Equations in Word

Hello, Equation Tools! At long last, Word has a whole Ribbon of Tools for writing and editing Equations. This post will introduce the new Ribbon.

Before You Begin: A new, blank document is open.

Insert Equations: Creating math symbols as you type is very useful. You can also insert and edit equations in Microsoft Word 2013.

1. Try This: Find the Equations
Go to Insert-> Symbols->Equation. Click on the drop-down arrow on the right.

What Do You See? There should be a list of equations including the Area of a Circle, Binomial Theorem and, yes indeed, it is the Pythagorean Theorem for triangles.

2. Try This, Too: Insert A New Equation
Go to Insert-> Symbols->Equation.
Click on Insert New Equation.
Click OK.

3. What Do You See? There should be a new Equation Block that you can edit.

What Else Do You See?The Equation Tools include: Tools Symbols Structures

4. Try This: Review the Equation Ribbon
Go to Equation Tools-> Design->Structures.

What Do You See? Many of the math and business symbols can be found in the Symbols.  The Structures enable you to document Fractions, Script, Radicals, Integrals, Bracket, Function, Accent, Limit and Log, Operator, and Matrix. Way cool new Ribbon.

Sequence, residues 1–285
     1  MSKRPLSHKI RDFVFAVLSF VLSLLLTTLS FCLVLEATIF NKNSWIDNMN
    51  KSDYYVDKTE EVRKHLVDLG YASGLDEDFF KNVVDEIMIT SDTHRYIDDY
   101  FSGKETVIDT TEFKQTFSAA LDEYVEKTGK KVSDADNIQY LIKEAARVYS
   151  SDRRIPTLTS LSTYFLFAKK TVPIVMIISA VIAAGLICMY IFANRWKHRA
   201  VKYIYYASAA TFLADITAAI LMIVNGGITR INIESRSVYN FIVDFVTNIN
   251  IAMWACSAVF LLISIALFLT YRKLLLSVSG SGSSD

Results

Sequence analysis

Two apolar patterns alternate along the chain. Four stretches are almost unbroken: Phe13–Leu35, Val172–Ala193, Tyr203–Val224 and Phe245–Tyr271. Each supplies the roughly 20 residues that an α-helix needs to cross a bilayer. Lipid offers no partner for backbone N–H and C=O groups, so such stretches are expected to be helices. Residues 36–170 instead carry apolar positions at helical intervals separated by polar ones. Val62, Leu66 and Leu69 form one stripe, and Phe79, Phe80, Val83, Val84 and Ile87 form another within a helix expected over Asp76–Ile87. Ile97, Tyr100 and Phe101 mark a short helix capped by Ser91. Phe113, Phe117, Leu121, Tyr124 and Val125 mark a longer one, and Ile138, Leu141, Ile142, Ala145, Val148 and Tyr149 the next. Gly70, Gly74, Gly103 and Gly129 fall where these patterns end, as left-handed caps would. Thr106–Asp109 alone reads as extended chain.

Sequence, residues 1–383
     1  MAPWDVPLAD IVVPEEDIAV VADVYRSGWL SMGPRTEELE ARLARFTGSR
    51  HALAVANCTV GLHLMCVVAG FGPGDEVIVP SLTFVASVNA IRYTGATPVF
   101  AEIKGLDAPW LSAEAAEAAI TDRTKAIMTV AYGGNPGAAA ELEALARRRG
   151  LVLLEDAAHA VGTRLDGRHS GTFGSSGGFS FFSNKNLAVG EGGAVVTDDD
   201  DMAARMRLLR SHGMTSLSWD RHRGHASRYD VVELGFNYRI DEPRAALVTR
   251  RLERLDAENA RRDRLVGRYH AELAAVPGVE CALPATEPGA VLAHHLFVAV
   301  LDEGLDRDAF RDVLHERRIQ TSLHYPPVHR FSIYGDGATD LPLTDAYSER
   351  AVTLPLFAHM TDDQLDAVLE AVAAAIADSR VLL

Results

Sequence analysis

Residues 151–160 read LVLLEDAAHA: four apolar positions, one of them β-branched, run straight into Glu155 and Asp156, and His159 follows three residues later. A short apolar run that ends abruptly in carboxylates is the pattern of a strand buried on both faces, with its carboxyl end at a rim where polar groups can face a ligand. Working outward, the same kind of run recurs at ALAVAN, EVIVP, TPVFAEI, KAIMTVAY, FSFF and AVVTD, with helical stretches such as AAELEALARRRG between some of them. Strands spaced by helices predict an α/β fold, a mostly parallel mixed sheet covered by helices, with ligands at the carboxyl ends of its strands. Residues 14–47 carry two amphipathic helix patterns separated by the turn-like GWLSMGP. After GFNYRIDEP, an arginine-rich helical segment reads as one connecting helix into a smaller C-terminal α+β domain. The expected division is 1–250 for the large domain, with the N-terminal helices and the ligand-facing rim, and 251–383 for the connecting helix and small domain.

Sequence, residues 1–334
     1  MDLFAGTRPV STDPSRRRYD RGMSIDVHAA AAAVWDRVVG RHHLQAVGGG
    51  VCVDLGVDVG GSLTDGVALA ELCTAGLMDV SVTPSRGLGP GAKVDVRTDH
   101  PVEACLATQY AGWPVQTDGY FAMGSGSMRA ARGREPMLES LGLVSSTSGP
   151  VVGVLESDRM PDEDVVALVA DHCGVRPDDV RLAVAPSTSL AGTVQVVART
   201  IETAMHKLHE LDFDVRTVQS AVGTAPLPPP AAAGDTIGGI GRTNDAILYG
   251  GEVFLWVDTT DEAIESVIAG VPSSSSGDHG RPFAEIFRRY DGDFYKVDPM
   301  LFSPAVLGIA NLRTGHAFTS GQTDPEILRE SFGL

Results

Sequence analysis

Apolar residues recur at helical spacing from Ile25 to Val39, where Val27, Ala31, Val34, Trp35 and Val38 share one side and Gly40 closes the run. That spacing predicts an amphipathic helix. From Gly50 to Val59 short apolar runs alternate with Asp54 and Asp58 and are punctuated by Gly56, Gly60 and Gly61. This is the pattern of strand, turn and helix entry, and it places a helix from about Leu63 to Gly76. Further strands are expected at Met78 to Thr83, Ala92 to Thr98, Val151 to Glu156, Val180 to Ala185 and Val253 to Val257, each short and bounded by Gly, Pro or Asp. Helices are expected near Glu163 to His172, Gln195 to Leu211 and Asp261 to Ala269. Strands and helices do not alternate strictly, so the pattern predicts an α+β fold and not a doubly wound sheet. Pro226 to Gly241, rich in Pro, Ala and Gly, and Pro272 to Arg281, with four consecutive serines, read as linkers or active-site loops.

Math AutoCorrect Options

Earlier, we reviewed the Math Equations. Many professions use mathematical symbols in reports and documentation. Prior to Microsoft Office 2007, you had to Insert a Symbol and select a letter from a set of Fonts named Dingbats or Symbols.

How Did We Get Here?

The Word Options are open. Proofing is selected. Go to the top of the Proofing page. Click AutoCorrect Options… Try it: Find the Math AutoCorrect Options  When the AutoCorrect window opens, select the Math AutoCorrect Tab.


Math AutoCorrect has an extensive list of text for math, chemistry and engineering. This list is adaptable, too. You can add or edit your own entries, same as with AutoCorrect.

Look for the check box to Use Math AutoCorrect outside of the math regions. This is an important option if you wish to type formulas and equations.

Extra Points if you can identify this math calculation tool, above

That’ll work. Good question. Thanks for asking.


Elizabeth Nofs, the Computer Mama

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